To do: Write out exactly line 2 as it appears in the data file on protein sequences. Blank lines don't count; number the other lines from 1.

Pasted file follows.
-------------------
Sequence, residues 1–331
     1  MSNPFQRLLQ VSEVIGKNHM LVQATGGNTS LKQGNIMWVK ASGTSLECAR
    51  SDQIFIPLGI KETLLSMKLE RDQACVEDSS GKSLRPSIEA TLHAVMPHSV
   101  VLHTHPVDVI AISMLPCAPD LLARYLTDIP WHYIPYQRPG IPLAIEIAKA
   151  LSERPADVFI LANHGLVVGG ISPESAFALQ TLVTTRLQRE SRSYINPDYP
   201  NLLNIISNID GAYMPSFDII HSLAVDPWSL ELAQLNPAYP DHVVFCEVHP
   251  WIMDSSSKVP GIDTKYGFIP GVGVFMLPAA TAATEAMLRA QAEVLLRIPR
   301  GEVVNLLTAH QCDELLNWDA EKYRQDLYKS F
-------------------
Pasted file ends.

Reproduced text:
     1  MSNPFQRLLQ VSEVIGKNHM LVQATGGNTS LKQGNIMWVK ASGTSLECAR